In Australia, the trade union movement, community and social groups have joined the world wide campaign to free Liliany Obando and other political prisoners.
For example Peace and Justice for Colombia (PJFC) have led the campaign by condemning her detention and incarceration. It has also written letters asking the Uribe government to respect Liliany’s constitutional rights to home detention.
Several trade union leaders and politicians have given testimony of Liliany’s activities for human and labour rights while she visited Australia in 2007.
We urge all peace loving people to join the campaign and put pressure on the Uribe government to put an end to the repression to political opponents.
There is a need for a humanitarian exchange of political prisoners as a first step for a political solution to the deep social and armed conflict in Colombia. These are the key demands that Colombians such as Liliany Obando advocate for.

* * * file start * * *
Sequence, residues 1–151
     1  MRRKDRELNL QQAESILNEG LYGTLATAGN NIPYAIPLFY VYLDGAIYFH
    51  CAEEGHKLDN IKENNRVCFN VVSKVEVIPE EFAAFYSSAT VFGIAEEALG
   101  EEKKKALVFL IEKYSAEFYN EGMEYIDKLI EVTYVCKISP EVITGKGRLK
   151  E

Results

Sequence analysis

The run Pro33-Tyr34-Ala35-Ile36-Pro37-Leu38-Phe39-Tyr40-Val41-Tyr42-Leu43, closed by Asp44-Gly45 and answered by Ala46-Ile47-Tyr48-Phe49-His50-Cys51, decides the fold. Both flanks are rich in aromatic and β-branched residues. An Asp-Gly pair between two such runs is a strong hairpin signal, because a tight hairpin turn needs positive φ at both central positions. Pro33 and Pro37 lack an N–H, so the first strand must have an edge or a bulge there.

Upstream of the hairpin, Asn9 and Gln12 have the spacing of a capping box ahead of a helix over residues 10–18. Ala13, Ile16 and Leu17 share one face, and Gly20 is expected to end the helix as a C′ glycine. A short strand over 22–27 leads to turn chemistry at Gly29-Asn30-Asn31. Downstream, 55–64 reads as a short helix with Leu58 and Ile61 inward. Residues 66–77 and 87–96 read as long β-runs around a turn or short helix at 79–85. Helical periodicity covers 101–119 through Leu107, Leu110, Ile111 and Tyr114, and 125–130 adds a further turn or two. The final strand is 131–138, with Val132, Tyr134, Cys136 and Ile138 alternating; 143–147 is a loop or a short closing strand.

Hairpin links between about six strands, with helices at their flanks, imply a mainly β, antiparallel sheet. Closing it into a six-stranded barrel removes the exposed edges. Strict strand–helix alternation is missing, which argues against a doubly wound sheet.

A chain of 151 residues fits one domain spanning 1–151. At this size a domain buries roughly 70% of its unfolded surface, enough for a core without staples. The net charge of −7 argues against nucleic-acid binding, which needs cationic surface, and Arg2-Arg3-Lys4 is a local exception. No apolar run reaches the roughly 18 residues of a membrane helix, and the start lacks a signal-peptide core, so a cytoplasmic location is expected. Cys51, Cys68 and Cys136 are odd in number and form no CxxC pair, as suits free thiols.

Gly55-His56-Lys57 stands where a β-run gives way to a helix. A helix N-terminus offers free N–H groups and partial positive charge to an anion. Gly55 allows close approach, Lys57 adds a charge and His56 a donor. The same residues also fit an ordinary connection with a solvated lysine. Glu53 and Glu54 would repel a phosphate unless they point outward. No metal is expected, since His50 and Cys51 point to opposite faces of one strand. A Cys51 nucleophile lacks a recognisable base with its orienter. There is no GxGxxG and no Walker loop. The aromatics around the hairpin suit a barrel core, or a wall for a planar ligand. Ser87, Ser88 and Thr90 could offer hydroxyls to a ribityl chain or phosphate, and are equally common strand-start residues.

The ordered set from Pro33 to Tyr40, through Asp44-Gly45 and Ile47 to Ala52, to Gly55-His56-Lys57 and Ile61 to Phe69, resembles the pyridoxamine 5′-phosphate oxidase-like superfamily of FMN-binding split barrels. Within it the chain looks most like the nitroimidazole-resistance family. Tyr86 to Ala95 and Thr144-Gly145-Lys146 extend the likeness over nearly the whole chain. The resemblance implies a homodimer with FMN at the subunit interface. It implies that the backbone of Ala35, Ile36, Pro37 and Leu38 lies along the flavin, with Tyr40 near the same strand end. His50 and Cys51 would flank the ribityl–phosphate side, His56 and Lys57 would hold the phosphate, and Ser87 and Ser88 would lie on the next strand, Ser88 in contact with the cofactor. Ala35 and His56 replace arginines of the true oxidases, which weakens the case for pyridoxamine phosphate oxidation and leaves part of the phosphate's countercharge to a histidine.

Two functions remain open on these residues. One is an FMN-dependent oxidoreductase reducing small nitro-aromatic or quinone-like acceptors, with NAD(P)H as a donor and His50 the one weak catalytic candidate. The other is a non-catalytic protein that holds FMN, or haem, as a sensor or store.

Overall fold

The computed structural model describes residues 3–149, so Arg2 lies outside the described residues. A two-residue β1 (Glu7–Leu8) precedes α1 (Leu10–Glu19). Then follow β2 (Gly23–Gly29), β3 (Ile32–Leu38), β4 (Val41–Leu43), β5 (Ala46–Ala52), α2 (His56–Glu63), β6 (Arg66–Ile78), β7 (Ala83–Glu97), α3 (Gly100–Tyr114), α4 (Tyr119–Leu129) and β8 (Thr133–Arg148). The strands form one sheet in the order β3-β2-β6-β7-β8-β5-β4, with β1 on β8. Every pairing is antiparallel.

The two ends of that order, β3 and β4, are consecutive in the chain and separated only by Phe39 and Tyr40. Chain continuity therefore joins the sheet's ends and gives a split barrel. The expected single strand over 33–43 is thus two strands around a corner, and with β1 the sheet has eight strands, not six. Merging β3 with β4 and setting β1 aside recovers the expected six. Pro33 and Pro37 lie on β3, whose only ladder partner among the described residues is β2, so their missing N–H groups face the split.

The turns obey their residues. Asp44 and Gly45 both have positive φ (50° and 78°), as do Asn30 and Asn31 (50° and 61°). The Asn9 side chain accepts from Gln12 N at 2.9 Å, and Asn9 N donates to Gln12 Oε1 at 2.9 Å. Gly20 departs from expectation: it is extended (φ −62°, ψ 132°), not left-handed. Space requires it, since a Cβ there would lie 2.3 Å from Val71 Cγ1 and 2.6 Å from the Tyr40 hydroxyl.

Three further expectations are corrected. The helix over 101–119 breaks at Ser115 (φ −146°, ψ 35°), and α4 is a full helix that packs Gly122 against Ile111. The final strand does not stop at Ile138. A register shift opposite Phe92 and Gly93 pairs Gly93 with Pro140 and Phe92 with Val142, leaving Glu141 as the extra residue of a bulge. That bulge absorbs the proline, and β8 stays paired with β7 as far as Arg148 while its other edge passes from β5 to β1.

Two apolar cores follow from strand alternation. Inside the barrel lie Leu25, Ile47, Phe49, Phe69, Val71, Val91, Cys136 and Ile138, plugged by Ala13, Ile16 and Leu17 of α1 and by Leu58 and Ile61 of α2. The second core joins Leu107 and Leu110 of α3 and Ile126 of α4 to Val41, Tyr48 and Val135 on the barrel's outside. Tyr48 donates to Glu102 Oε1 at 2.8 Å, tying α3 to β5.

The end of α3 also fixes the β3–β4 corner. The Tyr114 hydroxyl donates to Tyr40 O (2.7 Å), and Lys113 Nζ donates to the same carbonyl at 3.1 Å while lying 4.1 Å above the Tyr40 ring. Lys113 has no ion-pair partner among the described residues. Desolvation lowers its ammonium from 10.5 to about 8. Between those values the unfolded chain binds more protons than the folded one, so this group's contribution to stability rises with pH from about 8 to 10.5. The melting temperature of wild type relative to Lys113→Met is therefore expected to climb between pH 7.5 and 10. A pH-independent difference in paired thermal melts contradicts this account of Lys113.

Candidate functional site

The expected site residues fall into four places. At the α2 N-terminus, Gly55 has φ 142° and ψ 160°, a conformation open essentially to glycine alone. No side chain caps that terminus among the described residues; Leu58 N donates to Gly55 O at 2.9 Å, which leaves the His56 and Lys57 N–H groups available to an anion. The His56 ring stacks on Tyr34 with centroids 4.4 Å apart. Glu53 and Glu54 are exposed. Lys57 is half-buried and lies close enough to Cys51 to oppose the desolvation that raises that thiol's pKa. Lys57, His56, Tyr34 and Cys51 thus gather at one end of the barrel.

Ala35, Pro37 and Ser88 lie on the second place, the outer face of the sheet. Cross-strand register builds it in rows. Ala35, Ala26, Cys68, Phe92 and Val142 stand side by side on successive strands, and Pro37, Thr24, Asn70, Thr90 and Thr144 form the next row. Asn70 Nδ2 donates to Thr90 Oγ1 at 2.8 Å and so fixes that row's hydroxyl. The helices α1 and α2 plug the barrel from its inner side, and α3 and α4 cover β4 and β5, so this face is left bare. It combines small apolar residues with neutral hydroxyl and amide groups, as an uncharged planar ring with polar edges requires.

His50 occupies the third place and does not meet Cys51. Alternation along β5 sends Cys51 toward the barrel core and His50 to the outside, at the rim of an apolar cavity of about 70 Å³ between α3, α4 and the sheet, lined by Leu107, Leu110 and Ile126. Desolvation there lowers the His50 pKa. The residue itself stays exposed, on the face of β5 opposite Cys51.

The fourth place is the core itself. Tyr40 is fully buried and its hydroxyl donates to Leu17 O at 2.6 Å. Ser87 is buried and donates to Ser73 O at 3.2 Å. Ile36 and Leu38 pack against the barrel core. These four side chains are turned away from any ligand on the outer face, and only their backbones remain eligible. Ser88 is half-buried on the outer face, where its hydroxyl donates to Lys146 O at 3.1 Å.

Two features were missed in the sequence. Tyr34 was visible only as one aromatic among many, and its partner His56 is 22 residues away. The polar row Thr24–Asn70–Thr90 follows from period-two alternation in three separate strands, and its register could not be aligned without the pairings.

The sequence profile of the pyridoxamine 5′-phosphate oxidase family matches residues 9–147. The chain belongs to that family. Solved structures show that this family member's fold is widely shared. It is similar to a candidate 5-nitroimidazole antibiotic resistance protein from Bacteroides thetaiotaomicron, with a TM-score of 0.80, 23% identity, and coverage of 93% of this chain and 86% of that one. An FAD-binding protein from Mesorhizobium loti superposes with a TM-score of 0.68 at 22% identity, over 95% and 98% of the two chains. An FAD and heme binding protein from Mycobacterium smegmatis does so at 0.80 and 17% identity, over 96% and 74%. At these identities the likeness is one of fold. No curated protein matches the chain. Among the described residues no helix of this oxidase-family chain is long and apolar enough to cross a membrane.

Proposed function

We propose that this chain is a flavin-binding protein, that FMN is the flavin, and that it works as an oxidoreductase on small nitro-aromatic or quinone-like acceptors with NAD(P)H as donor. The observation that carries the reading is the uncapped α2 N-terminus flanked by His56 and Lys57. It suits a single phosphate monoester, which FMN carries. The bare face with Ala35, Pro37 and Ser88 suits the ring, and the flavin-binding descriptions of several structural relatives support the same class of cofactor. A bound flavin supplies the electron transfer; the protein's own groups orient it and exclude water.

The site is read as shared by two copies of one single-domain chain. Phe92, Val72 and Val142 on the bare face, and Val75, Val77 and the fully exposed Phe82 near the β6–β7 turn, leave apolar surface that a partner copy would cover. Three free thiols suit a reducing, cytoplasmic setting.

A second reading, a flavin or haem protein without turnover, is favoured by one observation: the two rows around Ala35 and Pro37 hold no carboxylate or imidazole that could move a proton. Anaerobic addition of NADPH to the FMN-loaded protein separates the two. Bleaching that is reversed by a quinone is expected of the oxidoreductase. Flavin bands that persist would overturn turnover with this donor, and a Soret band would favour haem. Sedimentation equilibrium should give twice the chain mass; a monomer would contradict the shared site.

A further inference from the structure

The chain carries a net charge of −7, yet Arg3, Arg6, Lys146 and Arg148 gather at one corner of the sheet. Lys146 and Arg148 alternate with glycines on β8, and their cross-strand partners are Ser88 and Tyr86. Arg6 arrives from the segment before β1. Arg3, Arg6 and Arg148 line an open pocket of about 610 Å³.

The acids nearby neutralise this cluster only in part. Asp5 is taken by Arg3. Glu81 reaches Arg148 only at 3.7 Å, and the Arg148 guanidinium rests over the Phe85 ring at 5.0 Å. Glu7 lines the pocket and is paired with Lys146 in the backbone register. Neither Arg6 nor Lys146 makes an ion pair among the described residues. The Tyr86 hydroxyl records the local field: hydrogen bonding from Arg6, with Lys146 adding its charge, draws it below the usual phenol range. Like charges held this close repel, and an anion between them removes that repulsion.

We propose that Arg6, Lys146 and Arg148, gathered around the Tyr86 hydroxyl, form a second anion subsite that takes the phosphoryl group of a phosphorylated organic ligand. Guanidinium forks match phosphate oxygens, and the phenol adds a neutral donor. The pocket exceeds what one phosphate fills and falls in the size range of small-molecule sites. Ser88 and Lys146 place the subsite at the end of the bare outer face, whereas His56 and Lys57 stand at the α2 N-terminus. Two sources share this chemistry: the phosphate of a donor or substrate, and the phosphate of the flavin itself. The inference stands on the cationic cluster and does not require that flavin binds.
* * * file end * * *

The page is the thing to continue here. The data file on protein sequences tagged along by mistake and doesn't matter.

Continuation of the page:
For more information on the campaign visit www.freeliliany.net.
On June 2, 2009 an appeal seeking an extraordinary remedy (casación) to quash a malicious terrorism conviction was lodged with the Colombian Supreme Court by student activist Principe Gabriel Gonzalez Arango. According to Human Rights First in New York the case could be a turning point in the criminalisation of human rights defenders in Colombia.
Human Rights First senior associate Andrew Hudson was quoted as saying the appeal would provide a historic opportunity to “overturn years of arbitrary detention and unjust persecution against Gonzalez. The Supreme Court should send a strong message that it will not tolerate abuse of the judicial system to intimidate and silence human rights defenders.”
This is the first case seeking such a remedy from the Supreme Court and a strong decision in favour of Gonzalez could help many other Colombian activists wrongly convicted on trumped up charges.
Gonzalez was sentenced to seven more years in prison after a trial that relied on evidence from two unreliable witnesses, one of whom admitted to providing statements under duress from prosecutors.
The Gonzalez appeal is based on a violation on his rights to be informed that a preliminary investigation against him was under way and, secondly, that witness evidence was obtained from ex-combatants receiving re-integration benefits from the state.